Meditation VS Mindfulness

Meditation VS Mindfulness

The terms “meditation” and “mindfulness” are mentioned almost interchangeably, similarly relating to health benefits, yoga and finding inner peace in your busy life. Both represent the idea of calming your frenzied mind.

The differences between mindfulness and meditation have been debated and interpreted in thousands of ways, and the debate likely will continue. They’re two sides of the same coin — they complement each other, and they very often overlap. At the same time, each has its own specific definition and purpose.

Much like yoga, the history of meditation and mindfulness is ancient and spiritual, originating in religion. Meditation predates even ancient times, having its origins in prehistoric religions that involved rhythmic chants, or mantras. But the earliest records of meditation can be found in the Vedas, the oldest texts of Hinduism, dating from 1700-1100 BCE. Later on, different forms of meditation began developing in Buddhism and Taoism, mainly in India and China.

Ancient meditation focused on spiritual growth and transcending emotions to live in a calm present state. After being introduced to the West in the 20th century, meditation was realigned to match the goals of a modern, secular society — and it was soon used as a way to reduce stress and improve healthy living, similar to the Western world’s version of yoga.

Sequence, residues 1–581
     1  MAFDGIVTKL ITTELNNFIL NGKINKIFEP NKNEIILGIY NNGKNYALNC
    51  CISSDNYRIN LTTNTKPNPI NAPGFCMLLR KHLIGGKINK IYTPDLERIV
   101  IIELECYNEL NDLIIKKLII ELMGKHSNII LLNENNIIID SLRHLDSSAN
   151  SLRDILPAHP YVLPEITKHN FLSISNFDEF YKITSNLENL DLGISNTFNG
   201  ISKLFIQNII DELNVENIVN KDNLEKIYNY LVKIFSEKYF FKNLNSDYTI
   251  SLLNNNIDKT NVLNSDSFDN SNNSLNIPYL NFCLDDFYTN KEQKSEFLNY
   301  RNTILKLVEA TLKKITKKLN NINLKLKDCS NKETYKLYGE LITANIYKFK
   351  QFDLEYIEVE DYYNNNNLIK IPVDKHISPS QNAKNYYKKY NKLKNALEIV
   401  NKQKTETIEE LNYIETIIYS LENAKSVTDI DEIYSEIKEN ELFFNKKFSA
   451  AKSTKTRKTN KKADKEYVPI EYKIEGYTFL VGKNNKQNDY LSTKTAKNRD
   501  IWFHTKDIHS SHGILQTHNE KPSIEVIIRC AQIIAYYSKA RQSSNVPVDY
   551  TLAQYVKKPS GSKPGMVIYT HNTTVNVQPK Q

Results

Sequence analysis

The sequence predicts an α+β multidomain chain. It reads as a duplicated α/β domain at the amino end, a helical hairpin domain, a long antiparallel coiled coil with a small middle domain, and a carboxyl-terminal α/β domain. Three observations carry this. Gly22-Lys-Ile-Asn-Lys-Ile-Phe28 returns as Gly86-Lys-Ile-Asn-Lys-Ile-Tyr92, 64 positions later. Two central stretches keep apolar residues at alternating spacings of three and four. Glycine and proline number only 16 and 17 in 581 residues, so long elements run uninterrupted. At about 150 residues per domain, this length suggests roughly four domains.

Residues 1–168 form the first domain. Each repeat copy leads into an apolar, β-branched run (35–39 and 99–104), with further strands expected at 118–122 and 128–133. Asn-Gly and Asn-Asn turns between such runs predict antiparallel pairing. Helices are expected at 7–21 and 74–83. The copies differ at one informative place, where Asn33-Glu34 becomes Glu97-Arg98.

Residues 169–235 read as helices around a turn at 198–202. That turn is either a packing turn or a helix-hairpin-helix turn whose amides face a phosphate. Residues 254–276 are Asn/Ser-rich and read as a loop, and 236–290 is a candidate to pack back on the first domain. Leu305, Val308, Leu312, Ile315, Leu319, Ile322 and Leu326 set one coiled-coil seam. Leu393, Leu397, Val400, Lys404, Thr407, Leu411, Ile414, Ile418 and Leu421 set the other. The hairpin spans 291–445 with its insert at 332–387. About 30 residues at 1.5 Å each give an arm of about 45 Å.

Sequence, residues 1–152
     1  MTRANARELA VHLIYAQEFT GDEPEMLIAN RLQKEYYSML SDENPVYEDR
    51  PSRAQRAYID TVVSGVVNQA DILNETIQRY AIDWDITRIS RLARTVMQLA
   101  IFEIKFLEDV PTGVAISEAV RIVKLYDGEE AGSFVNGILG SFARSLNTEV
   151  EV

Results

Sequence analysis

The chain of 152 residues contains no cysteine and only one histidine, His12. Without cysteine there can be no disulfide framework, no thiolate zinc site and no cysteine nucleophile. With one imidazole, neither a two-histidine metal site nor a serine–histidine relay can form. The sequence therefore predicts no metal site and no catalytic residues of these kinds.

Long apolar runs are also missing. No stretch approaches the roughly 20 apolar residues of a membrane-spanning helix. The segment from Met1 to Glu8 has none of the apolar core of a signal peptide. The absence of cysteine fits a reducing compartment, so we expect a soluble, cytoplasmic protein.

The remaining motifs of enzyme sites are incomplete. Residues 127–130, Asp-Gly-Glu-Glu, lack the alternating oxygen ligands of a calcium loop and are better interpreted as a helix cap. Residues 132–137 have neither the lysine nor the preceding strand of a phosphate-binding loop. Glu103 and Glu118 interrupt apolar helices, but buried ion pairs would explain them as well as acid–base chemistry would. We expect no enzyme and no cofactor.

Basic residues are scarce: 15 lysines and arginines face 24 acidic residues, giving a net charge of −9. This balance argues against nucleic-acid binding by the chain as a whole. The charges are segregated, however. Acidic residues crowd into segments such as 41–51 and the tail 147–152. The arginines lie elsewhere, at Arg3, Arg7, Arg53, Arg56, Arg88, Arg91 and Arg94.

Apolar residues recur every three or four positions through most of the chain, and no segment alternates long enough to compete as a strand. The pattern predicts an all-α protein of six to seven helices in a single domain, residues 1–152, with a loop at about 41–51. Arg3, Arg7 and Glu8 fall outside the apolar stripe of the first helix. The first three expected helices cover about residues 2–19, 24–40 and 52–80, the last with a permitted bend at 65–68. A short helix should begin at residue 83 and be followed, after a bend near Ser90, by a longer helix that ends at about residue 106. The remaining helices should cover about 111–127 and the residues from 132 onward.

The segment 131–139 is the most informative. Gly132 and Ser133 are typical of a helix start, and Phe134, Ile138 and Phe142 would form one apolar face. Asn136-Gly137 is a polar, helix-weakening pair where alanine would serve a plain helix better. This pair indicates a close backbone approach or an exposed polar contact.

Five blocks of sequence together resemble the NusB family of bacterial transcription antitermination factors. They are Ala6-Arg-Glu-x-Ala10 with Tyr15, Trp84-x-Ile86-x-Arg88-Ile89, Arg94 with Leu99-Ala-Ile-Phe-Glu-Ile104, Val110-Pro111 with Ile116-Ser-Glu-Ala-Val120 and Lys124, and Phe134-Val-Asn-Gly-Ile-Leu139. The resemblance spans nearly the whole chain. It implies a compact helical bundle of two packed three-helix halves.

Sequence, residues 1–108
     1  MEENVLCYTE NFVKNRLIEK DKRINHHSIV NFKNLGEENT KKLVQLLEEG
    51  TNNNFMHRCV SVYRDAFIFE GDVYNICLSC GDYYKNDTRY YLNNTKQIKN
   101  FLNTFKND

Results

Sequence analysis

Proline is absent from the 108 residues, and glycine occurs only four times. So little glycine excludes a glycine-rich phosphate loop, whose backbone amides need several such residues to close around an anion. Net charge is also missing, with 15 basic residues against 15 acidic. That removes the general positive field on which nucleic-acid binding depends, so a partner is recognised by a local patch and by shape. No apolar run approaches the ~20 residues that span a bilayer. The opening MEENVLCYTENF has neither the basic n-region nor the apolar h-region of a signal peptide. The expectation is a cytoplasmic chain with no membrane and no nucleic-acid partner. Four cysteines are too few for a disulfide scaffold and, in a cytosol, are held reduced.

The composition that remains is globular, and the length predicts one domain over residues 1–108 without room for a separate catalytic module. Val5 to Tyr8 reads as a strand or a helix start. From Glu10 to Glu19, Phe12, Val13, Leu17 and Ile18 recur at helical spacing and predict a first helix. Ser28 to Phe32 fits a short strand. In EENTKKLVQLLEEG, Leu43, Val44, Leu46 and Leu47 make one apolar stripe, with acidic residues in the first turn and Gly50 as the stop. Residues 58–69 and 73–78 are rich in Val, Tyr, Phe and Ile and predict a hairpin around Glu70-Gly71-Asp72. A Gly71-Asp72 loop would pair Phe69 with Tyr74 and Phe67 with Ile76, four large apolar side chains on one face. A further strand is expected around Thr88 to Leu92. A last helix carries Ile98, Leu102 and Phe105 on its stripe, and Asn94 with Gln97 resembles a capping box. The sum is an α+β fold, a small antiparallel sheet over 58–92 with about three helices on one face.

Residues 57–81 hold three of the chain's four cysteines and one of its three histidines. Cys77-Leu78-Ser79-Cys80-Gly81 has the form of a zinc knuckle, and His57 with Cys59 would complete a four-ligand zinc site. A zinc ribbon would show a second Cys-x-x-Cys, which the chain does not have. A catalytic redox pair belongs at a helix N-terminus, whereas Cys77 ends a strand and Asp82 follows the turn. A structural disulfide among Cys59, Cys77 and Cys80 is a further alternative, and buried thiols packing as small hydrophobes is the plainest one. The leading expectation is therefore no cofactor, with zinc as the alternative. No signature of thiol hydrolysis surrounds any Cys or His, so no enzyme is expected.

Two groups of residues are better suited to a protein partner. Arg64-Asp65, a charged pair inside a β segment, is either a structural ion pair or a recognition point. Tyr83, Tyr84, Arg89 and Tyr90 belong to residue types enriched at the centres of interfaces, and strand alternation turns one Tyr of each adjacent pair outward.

The Main Differences

Though it’s often a fine line, here’s the main difference between the two: Meditation is a large umbrella term that encompasses the practice of reaching ultimate consciousness and concentration, to acknowledge the mind and, in a way, self-regulate it. It can involve a lot of techniques or practices to reach this heightened level of consciousness — including compassion, love, patience, and of course, mindfulness. So, mindfulness is a type of meditation, alongside tantra, yoga, sexuality, silence, breathing, and emptiness.

Mindfulness is the act of focusing on being in the present, such as focusing completely on drinking a hot cup of tea, taking in its scent, warmth, and taste and removing overpowering emotions from the mind.

The practice of meditation predates the idea of mindfulness, Rinzler explains. Mindfulness is often aligned with the “time of the Buddha,” in which the Buddha discovered that focusing entirely on his breath would allow him to see reality and reach meditation more quickly.


One can not have one without the other. It’s important to meditate daily, focusing on your breathing, stretching and mentally being in a calm state. But also, being mindful by acknowledging your present self and appreciate your current environment and embracing all current opportunities. This will help to also reduce stress and help you understand that where you are currently is where you’re supposed to be.


-Referenced from

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